The Case against inequality

The library has Max Rashbrooke’s book Inequality : a New Zealand crisis – and what we can do about it on order and it is due to be published in June.

The ARW site has this to say about the author.

Journalist Max Rashbrooke has written for national newspapers and magazines in Britain and New Zealand, including the Guardian, the National Business Review and the New Zealand Listener.  He was the recipient of the 2011 Bruce Jesson award.

Search catalogueIt would be fair to say that as a journalist writing about the growing gap between the rich and the poor and as a recipient of the 2011 Bruce Jesson award “given annually for critical, informed, analytical and creative journalism which will contribute to public debate”, that Max Rashbrooke would have a few tough things to say about the current state of affairs in New Zealand, and he certainly did, with Mark Sainsbury asking the questions. Max gave many statistics, for example the bottom 10 percent have had no increase in income in the past 30 years, at the top it has more than doubled.  Someone earning $14.80 per hour, which equals $490 a week after tax and after having paid for all essentials is left with $50 per week or $5 a day.

His belief is that inequality is not just an issue for those struggling with poverty but  that income gaps are corrosive for society as a whole. To back this up  his book contains interviews of people from all income levels and includes  essays from well-known researchers, who along with their analysis also provide solutions.

He made reference to Christchurch and suggested that we are experiencing inequality in the bucketloads, (not quite his words but that was the gist of it) which is either a good thing to hear as someone is acknowledging our issues, or a not so good thing because we really must be in a bad way!

The audience was right behind him, it was a free event and was jam-packed with good solid lefties.  People stood to ask questions that were ostensibly political speeches.  People cheered, it was like an old-time political rally with Mark Sainsbury conducting straw polls in his booming voice… “How many of you would pay higher taxes if it could help with the problem of inequality”? Every hand in the house went up, a biased audience yes, and depending on your political persuasion a result that is either comforting or downright nuts.  All in all a great free event and I am looking forward to the book.

Have a look at Max Rushbrooke’s Blog to read some of his articles.

The last day of the Auckland Writers and Readers Festival

IMG_07186pm on Sunday night and I am in my hotel room looking forward to the trip home tomorrow.  Auckland has been itself in that it has rained and shined, sometimes all at once. I have marvelled at all the people and the beautiful old stone buildings. The festival has been a whirlwind of facts, figures, stories, discussions, a bit of famous author watching and endless cups of coffee.  There has been no time for shopping and barely time to eat. All in all very satisfying indeed.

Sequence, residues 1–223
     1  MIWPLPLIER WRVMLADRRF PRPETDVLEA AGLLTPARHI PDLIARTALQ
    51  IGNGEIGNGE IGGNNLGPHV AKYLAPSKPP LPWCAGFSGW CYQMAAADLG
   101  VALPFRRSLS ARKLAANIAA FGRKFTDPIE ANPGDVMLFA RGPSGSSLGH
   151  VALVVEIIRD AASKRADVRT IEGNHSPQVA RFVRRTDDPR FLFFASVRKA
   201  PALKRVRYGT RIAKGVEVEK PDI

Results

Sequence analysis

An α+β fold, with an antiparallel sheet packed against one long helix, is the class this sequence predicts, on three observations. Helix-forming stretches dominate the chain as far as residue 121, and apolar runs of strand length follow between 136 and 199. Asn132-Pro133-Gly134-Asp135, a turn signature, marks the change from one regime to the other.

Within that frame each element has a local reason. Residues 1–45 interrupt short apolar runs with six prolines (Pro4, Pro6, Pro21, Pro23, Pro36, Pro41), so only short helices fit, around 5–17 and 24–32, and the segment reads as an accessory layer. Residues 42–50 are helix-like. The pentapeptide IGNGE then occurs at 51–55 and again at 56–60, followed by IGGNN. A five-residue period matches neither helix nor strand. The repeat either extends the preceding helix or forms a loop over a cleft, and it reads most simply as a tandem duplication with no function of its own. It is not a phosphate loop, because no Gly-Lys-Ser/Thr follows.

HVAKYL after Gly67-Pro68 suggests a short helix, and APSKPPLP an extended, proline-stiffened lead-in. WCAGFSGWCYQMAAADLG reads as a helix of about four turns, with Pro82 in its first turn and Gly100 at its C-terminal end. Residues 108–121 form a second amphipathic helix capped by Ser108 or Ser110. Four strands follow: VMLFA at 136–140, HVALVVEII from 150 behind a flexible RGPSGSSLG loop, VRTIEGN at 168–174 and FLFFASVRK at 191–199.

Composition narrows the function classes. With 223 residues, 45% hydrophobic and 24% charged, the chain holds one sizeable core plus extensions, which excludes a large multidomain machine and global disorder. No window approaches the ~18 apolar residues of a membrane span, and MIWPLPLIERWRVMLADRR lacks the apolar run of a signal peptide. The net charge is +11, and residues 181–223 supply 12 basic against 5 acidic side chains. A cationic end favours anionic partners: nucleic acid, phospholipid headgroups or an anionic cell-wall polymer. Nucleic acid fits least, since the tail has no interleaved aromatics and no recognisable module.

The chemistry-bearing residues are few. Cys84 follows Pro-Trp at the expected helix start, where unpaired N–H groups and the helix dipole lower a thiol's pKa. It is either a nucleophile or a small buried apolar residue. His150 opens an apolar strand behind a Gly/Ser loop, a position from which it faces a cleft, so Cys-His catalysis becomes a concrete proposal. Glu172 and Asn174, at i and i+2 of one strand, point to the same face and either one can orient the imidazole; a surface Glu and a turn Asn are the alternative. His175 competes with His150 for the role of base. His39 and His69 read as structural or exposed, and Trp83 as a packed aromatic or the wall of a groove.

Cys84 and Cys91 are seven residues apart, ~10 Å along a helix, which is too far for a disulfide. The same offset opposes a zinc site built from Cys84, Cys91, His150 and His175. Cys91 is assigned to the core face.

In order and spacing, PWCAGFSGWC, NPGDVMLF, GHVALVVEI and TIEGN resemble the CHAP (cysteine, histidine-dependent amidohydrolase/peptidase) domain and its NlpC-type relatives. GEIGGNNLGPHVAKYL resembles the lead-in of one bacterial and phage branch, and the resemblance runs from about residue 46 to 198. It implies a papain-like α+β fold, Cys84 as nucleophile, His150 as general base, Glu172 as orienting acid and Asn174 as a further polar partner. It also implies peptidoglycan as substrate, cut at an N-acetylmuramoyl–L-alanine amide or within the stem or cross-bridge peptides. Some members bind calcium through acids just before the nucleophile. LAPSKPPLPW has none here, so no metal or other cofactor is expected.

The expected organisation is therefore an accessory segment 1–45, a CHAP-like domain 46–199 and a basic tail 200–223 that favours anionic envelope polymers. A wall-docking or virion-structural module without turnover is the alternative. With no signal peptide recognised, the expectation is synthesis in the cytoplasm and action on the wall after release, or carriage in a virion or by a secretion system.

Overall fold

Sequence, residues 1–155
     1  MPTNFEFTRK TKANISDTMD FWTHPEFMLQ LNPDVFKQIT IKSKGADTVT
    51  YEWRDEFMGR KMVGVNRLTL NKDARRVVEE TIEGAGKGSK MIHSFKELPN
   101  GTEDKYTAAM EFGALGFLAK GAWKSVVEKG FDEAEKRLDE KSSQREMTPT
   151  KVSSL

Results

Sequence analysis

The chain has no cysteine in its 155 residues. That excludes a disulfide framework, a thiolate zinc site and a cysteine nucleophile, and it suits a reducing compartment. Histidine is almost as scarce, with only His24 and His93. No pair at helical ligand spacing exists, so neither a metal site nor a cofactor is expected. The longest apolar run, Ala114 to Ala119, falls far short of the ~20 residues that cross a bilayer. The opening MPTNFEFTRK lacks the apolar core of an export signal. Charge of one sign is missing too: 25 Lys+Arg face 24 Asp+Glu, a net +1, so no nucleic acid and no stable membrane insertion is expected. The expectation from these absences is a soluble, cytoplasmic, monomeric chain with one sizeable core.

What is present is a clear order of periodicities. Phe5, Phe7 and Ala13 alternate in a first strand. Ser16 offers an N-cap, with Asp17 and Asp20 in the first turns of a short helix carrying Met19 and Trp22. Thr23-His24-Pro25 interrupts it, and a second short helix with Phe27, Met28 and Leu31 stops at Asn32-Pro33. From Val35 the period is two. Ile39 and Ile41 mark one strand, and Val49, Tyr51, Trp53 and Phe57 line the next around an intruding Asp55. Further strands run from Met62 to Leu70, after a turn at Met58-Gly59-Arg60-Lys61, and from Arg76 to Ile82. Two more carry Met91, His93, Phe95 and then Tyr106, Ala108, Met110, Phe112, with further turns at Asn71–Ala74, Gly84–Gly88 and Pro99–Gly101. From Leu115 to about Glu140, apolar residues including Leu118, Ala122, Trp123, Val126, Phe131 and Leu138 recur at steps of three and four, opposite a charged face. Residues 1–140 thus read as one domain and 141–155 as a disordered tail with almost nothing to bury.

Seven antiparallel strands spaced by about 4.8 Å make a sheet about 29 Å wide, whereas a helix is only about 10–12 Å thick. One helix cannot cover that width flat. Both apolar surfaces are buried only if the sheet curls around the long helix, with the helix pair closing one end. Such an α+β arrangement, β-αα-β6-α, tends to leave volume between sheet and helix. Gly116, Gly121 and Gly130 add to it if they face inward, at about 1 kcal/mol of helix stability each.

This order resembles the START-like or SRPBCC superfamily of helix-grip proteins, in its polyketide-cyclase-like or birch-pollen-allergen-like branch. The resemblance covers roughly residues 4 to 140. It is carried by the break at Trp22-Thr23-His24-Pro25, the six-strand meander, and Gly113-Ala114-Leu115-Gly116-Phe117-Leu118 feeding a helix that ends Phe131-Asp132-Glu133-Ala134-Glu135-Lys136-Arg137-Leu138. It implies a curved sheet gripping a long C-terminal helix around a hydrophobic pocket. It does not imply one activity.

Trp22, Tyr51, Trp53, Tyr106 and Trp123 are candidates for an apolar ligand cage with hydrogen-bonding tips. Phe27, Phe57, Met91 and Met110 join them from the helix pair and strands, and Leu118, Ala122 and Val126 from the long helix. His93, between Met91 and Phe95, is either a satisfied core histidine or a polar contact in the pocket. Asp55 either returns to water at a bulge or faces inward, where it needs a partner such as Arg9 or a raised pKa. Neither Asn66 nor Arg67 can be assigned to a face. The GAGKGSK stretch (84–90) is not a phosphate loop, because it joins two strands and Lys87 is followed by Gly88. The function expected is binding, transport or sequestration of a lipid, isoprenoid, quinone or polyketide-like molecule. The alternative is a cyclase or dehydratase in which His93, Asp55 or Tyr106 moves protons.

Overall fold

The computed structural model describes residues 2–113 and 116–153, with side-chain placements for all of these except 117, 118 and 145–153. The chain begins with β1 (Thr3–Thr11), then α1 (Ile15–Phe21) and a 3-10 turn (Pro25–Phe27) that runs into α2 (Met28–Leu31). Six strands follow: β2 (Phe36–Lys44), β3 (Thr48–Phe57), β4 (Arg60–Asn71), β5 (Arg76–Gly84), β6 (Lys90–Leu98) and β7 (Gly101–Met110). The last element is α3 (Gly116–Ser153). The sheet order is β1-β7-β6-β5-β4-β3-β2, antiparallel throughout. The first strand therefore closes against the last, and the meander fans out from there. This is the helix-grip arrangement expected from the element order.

Today I started off with a visit to the 1920s through to the 1950s with Rosemary Mcleod and The Secret life of aprons. A lovely hour spent looking at her slides of aprons she has known, from the beautiful to the downright odd. It was a lovely slice of New Zealand domestic history which was very much appreciated by the audience.Rosemary’s droll wit was perfect for the occasion. The Art Gallery was looking great, and I had time for a quick trawl around the contemporary art exhibition, with a quiet nod to Jacqueline Fahey’s piece that I could look at with new understanding having heard her speak on Thursday. I also loved the huge hand-made flowers created by Choi Jeong Hwa that hung in the atrium seemingly opening and closing at will.

IMG_0721Next up was a free session, Fifty Shades of WTF. I was to be disappointed, it would seem the fifty shades phenomena has reached the festival and it was full half and hour before it started.

What the Internet is doing to you with the author Aleks Krotoski was often way over my head, but she was an author with a mind like a steel trap who could probably have talked all day. Her interviewer Toby Manhire only needed to ask a couple of questions and away she went! Her basic premise was that the Internet isn’t doing anything, it is what we are doing to each other that is the issue. The Internet will not destroy and neither will it revolutionise, it is just a thing….we are still communicating, the means are different but not what we are talking about. She touched on cyber-addiction and whether there is such a thing (there isn’t apparently), romance on the Internet, and is the Internet capable of serendipity. That’s where I lost her.  The book sounds very readable, and if she writes like she talks it will be entertaining and full of information.

Lastly I toddled along to Faction, a bit of a silly choice as it was about the film The Red house which I haven’t seen, however Annie Goldson and the Alyx Duncan who made the film did a great job breaking down what it was all about.  Alyx used her father and step mother in the film, it started out as a documentary about their lives that didn’t work out and ended up with them acting themselves, but to a script that included some aspects that were true and some that were fictional.  I enjoyed the session and hopefully the library will be able to get the DVD once it comes out.

Thank you Auckland for providing such a great festival. 13,000 people was the last tally that I heard had attended the festival, which is amazing, and certainly warms a librarian’s heart.  To all those authors who spend hours writing, usually in quiet isolation,  I thank you for coming out and sharing your craft, your beliefs and passions.

A Tale of Paris: Edward Rutherfurd at the Auckland Writers and Readers Festival